A Chinese invasion of Taiwan is unlikely for the time being due to the internal challenges and international pressure that China is facing, President Tsai Ing-wen (蔡英文) told the New York Times in an interview shown on Wednesday.
“My thought is that perhaps this is not a time for them [China] to consider a major invasion of Taiwan,” Tsai said in a prerecorded interview for the DealBook Summit held by the newspaper on Wednesday.
Beijing’s leadership is presently “overwhelmed by its internal challenges” on economic, financial and political grounds, while the international community “has made it loud and clear that war is not an option, and peace and stability serves everybody’s interests,” she said.
Taiwan’s like-minded partners are “making tremendous progress” in jointly managing risks across the Taiwan Strait and have reiterated the importance of cross-strait peace and stability on international occasions, she said.
Regarding a potential time line of a Chinese invasion, Tsai said that Chinese President Xi Jinping (習近平) had “given his answer for that” during his meeting with US President Joe Biden earlier this month.
Tsai was referring to Xi’s denial of reports about a possible invasion of Taiwan by 2027 or 2035, saying “there was no such plan, no one mentioned it.”
Remaining “clear-eyed” about the threats posed by China, such as military intimidation, gray-zone tactics, cyberattacks and disinformation campaigns, Taiwanese continue to “make our utmost efforts to strengthen our defense capabilities and societal resilience,” she said.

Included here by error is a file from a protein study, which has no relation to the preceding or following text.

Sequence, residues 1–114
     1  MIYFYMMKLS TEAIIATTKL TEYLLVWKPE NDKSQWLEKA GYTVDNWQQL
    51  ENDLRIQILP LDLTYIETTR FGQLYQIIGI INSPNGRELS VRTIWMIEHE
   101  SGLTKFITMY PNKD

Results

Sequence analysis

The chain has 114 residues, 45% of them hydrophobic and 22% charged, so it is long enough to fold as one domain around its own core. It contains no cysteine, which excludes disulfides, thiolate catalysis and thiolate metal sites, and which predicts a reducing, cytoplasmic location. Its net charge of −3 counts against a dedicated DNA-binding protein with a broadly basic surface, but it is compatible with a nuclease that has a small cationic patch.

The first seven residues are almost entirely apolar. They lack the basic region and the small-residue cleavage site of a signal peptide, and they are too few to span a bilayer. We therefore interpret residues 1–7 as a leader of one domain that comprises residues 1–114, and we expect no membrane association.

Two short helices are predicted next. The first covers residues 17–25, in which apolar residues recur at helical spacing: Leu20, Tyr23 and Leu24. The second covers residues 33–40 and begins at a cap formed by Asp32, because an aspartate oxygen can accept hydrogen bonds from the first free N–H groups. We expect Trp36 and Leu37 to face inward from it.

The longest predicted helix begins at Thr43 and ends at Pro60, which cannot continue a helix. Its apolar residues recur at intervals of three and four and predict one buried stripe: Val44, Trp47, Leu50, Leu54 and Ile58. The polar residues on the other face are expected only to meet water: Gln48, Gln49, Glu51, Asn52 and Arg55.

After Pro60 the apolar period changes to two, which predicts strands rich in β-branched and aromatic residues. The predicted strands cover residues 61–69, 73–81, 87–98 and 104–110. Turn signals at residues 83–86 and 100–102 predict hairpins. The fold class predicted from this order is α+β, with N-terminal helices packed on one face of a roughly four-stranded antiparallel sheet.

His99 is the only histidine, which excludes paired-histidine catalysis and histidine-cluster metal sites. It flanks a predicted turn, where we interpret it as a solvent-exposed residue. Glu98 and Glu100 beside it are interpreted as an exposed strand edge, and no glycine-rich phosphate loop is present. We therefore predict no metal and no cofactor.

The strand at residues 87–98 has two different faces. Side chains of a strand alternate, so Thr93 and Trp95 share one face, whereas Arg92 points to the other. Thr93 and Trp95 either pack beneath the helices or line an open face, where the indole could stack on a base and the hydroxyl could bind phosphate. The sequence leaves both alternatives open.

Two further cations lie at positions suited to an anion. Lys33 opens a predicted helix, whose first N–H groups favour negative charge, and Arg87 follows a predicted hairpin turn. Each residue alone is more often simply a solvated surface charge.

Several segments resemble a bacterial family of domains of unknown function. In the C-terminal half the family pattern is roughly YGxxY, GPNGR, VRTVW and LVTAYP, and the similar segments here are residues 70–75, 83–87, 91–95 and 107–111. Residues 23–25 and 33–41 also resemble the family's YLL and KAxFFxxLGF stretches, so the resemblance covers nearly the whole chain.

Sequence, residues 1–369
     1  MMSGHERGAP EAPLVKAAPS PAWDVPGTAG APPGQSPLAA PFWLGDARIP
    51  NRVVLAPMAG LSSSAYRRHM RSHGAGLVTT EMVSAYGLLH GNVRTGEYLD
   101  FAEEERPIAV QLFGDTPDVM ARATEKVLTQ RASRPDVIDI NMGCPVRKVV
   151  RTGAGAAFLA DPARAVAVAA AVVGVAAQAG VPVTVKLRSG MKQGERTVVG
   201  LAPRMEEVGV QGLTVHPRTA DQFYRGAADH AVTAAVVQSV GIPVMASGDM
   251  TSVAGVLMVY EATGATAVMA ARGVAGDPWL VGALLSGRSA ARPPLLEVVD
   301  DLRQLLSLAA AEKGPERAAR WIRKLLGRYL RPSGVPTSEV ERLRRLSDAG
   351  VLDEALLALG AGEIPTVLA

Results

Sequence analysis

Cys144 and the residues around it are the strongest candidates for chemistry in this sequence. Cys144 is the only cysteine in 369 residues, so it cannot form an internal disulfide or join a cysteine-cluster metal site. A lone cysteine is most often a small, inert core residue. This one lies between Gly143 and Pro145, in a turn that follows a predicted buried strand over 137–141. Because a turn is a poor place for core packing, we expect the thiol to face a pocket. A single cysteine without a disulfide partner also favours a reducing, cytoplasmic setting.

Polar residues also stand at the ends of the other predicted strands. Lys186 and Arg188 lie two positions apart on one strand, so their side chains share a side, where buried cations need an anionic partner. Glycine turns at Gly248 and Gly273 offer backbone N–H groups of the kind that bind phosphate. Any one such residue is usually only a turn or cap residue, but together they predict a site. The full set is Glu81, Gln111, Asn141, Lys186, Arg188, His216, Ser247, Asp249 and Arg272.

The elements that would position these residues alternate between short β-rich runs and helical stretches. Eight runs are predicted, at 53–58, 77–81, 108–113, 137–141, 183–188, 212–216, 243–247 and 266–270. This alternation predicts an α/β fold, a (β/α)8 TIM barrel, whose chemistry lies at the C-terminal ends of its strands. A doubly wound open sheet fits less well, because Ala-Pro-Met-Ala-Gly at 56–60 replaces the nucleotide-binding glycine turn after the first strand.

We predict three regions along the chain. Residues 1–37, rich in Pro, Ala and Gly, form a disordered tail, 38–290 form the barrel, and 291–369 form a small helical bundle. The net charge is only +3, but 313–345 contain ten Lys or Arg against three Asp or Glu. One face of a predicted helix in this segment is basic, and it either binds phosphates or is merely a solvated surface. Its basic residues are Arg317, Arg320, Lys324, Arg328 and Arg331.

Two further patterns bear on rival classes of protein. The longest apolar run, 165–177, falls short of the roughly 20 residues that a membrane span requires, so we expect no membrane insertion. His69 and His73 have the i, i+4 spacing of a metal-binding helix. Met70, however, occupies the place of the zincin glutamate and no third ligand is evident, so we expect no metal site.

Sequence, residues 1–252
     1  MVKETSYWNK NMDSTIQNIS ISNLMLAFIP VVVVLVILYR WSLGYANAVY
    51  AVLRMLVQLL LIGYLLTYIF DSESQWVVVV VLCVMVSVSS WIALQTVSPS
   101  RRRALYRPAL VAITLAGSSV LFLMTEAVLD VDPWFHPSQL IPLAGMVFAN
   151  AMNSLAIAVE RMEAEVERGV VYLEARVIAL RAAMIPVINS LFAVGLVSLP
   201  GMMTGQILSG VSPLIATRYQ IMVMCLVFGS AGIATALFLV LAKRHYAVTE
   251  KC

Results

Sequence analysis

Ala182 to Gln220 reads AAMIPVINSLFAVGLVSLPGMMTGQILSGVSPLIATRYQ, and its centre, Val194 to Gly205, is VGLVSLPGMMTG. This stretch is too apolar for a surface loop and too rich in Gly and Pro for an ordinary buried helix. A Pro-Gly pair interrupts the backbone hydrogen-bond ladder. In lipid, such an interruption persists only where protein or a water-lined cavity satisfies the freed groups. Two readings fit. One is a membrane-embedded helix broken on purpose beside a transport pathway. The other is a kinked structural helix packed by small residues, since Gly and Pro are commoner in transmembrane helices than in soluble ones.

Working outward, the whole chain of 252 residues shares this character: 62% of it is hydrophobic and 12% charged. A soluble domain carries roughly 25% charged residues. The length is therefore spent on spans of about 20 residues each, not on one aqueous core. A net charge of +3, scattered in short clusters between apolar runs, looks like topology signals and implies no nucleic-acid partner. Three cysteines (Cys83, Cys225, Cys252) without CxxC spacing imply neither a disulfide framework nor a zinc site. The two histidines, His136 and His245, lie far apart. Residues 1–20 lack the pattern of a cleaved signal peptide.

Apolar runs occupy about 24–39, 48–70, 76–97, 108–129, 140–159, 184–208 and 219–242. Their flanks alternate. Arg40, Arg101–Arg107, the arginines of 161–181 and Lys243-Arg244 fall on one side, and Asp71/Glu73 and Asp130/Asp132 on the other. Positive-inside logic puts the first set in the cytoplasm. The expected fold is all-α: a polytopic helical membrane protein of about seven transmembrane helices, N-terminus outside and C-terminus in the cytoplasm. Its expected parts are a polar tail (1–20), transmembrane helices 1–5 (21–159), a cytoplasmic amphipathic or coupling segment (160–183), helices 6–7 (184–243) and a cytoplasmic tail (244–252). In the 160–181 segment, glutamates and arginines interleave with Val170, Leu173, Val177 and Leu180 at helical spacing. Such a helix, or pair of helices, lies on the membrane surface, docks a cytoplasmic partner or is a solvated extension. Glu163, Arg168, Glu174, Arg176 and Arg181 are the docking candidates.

“One is responsible for protecting one’s own homeland,” she said.
Collaboration between Taiwan and the US “has reached historic heights in recent years” across many fields, particularly on security, she said.
Largely thanks to US efforts, international society is paying closer attention to Taiwan and has recognized the indispensability of peace and stability in the Taiwan Strait, she said.
The US has also reaffirmed that its partnership with Taiwan would not be affected by events elsewhere, such as Russia’s war in Ukraine, she said.
The nation is “deeply grateful, as always, for the long-standing and steadfast support” of the US and remains confident in its commitment to maintaining a free and open Indo-Pacific, she added.
Tsai underlined the importance of meetings with former US House of Representatives speakers Kevin McCarthy and Nancy Pelosi, as they demonstrated the close ties between Taiwan and the US.
When asked whether the Biden administration prioritizing moving some chip production to the US would influence Taiwan-US ties, Tsai said that it is a “good move” in the sense that Taiwan could help its allies build supply chain resilience and have access to resources in the US, especially human resources and talent.
Tsai expressed confidence that “the capacity that we [Taiwan] have now, and the importance of our industry, cannot be replaced anywhere else,” adding that the nation has “more than semiconductors to be valuable.”
As businesses around the globe are looking for alternatives or additional bases in the region due to wariness of the risks in China, Tsai encouraged them to foster closer ties with Taiwan.
“Taiwan can be of tremendous value” in building resilient and secure supply chains as “a highly reliable, effective and secure partner,” she said.
On China’s attempts to interfere in Taiwan’s presidential and legislative elections next month, Tsai said that “they’re probably not particularly successful” at influencing people in the democratic nation.
Countering such measures and preventing discord require greater unity and trust among different social groups and faith in the strength of democracy, she said.
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